The power supply for Virginia’s densely populated Middle Peninsula Area, on the Chesapeake Bay, is currently adequate but somewhat fragile; a single 115-kV line extends southward from the Harmony Village Substation of Dominion Virginia Power (DVP). The non-redundant power supply was at risk for long interruptions and local demand threatened to outstrip supply.
Accordingly, in 2010, DVP obtained approvals to serve the region with a new, 230-kV power line extending from its Yorktown Power Station. But approvals are one thing and actual achievement is another. Installing the line was a significant technical challenge.
For one thing, about 3.5 miles of the historic York River lies between the Yorktown Power Station and the Middle Peninsula. That mandated a very long river crossing and environmental conditions made horizontal directional drilling (HDD) the only feasible method. Actually, to supply sufficient power, with redundancy, two parallel crossings were needed. DVP elected to tender the project on a design/build basis, and HDD contractor Mears Group was selected based on experience and their innovative proposal — Mears commenced design work in 2010.
Conceptually, the solution proposed by Mears Group was simple. Two platforms, 7,300 ft apart, would be established. The north platform would be about a mile from shore, and the south platform about half that — both were to be located within the bends of the S-shaped right of way (ROW), so that the longest crossings of the project were straight. Line A would then be run from north and south shore staging areas to the nearest platforms and Line B, offset 20 ft from Line A, would be run next. HDD equipment was then shifted as needed, and the long platform-to-platform HDD crossings would take place. The proposed product to be installed was actually a bundle of two pipes — 8-in. steel conduit for the copper cable and the high-pressure dielectric fluid needed to keep it cool, and 3-in. HDPE for a fiber-optic communication line.
Getting Ready to Drill
Project design took six months. Working with side-scan sonar surveys and geotechnical information provided by DVP and factoring in tidal flows, designers worked out drill paths that avoided buried structures and stayed within the ROW established by DVP — this ROW had been established years previously, based on a design for a conventional dredged crossing and was relatively narrow for HDD. Mears designers also worked out construction schedules and staging area requirements and created contingency plans for evacuations due to hurricanes.
The length of the river crossing dictated that intersect drilling be used on the platform-to-platform and north shore-to-platform crossings. And ‘platforms’ meant actual, stable structures in 20 to 25 ft of water, built to support 150 tons of equipment and supplies and to withstand the pull loads of a 7,300-ft crossing. The platforms were built in three weeks, and Corman Marine Construction provided platform construction and general marine support including tugs, cranes, and divers.; they also installed ‘goalposts;’ twin pilings, with a cross member, that supported the drill string and held it in place from the drill rigs to the river bottom.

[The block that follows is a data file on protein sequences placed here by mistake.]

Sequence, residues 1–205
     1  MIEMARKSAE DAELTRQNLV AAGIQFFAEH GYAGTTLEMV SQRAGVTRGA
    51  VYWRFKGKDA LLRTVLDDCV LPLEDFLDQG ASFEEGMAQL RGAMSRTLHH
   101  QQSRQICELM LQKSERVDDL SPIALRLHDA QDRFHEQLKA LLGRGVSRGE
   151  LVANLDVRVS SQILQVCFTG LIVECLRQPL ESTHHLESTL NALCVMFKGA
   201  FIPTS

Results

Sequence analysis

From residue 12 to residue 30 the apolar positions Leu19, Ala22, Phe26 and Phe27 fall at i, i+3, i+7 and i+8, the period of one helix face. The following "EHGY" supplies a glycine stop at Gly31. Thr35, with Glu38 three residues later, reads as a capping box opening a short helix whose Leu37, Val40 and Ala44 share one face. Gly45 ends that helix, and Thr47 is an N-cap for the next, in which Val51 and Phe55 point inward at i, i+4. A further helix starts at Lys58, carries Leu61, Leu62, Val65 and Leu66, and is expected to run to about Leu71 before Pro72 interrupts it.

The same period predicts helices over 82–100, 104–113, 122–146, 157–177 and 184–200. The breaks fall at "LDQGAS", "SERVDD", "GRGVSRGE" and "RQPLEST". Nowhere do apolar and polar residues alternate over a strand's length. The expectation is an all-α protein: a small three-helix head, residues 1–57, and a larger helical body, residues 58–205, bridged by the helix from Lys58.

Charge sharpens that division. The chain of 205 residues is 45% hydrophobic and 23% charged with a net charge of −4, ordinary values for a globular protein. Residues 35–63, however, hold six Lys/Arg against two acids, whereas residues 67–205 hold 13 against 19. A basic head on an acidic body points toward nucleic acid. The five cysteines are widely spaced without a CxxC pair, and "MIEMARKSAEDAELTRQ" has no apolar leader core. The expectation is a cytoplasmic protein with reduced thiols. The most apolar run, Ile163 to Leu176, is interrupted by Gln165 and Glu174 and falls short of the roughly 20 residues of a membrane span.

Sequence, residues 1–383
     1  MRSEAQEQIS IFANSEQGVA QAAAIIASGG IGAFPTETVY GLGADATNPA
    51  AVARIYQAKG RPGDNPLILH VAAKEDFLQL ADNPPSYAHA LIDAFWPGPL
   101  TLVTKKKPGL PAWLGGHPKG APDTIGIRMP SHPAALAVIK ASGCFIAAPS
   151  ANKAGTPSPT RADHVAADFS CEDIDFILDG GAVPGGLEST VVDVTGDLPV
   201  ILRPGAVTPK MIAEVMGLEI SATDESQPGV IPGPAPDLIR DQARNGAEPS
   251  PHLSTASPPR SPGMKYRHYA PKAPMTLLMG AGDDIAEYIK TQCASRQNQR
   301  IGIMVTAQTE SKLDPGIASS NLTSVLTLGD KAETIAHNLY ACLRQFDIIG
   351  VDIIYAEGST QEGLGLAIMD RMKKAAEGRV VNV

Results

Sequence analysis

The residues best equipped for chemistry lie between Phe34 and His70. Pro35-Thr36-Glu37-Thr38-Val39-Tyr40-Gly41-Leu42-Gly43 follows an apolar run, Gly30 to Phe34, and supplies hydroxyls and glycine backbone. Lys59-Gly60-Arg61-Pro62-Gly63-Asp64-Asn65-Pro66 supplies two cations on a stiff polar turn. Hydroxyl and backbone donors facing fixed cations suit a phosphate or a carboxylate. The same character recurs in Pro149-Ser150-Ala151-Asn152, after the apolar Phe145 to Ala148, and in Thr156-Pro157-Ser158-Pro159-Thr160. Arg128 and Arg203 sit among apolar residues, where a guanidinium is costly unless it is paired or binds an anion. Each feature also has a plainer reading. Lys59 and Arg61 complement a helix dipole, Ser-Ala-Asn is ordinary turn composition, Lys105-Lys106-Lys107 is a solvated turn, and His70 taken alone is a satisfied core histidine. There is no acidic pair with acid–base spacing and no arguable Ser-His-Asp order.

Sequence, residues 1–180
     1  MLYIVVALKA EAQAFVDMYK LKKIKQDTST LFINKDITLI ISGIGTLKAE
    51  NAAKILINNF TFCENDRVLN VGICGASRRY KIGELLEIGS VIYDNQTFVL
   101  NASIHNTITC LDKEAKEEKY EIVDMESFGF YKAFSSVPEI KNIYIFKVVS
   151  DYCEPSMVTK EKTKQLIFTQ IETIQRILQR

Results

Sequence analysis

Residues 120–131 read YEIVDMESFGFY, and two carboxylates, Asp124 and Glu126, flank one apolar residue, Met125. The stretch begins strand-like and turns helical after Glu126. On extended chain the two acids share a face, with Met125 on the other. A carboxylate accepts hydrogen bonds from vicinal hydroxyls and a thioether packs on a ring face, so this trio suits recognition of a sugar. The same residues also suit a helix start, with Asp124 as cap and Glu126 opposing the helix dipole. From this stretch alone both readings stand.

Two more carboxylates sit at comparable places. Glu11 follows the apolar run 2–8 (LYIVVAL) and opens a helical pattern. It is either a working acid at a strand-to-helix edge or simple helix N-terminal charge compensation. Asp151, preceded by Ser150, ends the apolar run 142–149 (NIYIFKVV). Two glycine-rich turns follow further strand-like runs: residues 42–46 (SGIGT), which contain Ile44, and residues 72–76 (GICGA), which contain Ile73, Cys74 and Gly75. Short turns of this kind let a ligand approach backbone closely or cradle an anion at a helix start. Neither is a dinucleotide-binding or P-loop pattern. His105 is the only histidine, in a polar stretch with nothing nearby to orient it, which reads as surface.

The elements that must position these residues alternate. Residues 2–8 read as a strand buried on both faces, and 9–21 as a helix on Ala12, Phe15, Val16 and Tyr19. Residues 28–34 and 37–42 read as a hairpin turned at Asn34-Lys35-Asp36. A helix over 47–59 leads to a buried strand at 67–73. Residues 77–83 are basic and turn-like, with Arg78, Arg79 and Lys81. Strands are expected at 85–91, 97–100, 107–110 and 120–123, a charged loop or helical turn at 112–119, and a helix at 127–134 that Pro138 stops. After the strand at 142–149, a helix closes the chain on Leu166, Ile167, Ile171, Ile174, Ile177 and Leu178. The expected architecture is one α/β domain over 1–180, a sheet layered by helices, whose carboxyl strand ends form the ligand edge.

At 2,955 ft, the south shore crossings were the shortest of the project, the first to be completed and they were the only non-intersect crossings. The entry points were in a high-security area next to the DVP power plant.
But there were some complications even here. For one, the south shore crossing included the 45-degree bend, which wouldn’t have been a concern for the conventional open-cut dredged crossings envisioned when the ROW was acquired. But since the ROW is only 120 ft wide, and two lines were being installed offset 20 ft from each other, staying within ROW was a concern for an HDD crossing. To make it as easy as possible, Mears used a ‘racecar’ alignment. “Basically, we started the drill path curve well before the bend, just like a racecar uses the full width of a track to start turning before it gets to curves,” explains Dennis Doherty of Haley & Aldrich, who was part of the Mears design team, “This allowed us to use flatter radiuses and avoid any issues in that area.”
Meanwhile, after the 12-in. casing was established for the south shore approach. The north shore-to-platform crossings were 5,845 ft long with a 32-degree bend in the ROW. These were drilled as intersect crossings, with the intersection point about 3,500 ft north of the platform, just on the platform side of the horizontal curve. An interesting dual guidance system was used to achieve intersection on the north shore Line A crossing. Working from shore, Para-Track II was used with a surface steering coil. But passive magnetic ranging wasn’t a good solution in the York River’s main shipping channel, since large ships and barges could cause magnetic anomalies. So a gyro steering tool (GST) was used instead; this system combines optical gyroscopic sensors and sensors with World Geodetic System (WGS) latitude and longitude. The two methods successfully brought the two drill bits within a few feet of each other and passive magnetic ranging was used to close the gap. With connection achieved, the drill strings were pulled back and advanced to the platform until a continuous drill string stretched from shore to platform.